Document Type



Available under a Creative Commons Attribution Non-Commercial Share Alike 4.0 International Licence


Political science, public administration

Publication Details

This is the final submitted version of the paper the published version of which is Feeney, S., Hogan, J. & O’Rourke, B. K. (2017) Elite formation in the higher education systems of Ireland and the UK: Measuring, comparing and decomposing longitudinal patterns of cabinet members. British Journal of Education Research. Available on early view at:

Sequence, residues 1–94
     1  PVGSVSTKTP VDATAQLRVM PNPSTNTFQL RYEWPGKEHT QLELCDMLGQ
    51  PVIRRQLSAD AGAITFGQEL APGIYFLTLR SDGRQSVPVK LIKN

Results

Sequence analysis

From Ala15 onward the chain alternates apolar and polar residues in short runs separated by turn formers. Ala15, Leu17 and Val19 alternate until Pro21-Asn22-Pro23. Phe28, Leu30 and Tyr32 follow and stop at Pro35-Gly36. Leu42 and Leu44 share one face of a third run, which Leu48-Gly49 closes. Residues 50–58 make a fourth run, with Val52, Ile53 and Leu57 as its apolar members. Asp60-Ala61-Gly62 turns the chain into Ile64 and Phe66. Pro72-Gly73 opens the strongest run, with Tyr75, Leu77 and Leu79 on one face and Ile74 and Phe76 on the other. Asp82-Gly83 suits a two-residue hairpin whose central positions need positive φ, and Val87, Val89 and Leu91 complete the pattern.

The role of higher education systems in the formation and reproduction of governing elites, and their countervailing potential for the creation of a more egalitarian, or meritocratic, society has been an enduring subject of concern, debate and research. Many of these debates are made all the more difficult by our inability to directly compare elite formation systems within and between countries and over time. To resolve these problems, this paper employs elite formation quantitative indices to directly and transparently compare elite formation systems, namely the role of higher education systems in political elite formation over three quarters of a century in two countries. Specifically, the paper compares the influence, exclusiveness and eliteness of the Irish and British higher education systems in the production of their respective governing political elites in the 75 years between 1937 and 2012.